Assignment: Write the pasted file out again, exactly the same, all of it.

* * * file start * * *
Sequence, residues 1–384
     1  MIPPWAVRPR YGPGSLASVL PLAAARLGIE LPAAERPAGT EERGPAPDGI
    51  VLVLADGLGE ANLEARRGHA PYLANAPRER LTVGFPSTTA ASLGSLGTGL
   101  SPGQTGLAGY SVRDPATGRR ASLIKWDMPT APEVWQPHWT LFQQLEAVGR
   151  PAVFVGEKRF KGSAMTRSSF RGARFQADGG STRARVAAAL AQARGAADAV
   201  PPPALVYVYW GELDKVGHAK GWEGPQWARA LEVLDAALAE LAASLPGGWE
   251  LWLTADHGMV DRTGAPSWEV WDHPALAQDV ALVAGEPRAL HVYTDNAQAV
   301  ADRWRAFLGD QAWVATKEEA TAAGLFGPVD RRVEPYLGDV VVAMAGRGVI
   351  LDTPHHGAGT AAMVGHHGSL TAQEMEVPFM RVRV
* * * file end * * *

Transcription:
Sequence, residues 1–384
     1  MIPPWAVRPR YGPGSLASVL PLAAARLGIE LPAAERPAGT EERGPAPDGI
    51  VLVLADGLGE ANLEARRGHA PYLANAPRER LTVGFPSTTA ASLGSLGTGL
   101  SPGQTGLAGY SVRDPATGRR ASLIKWDMPT APEVWQPHWT LFQQLEAVGR
   151  PAVFVGEKRF KGSAMTRSSF RGARFQADGG STRARVAAAL AQARGAADAV
   201  PPPALVYVYW GELDKVGHAK GWEGPQWARA LEVLDAALAE LAASLPGGWE
   251  LWLTADHGMV DRTGAPSWEV WDHPALAQDV ALVAGEPRAL HVYTDNAQAV
   301  ADRWRAFLGD QAWVATKEEA TAAGLFGPVD RRVEPYLGDV VVAMAGRGVI
   351  LDTPHHGAGT AAMVGHHGSL TAQEMEVPFM RVRV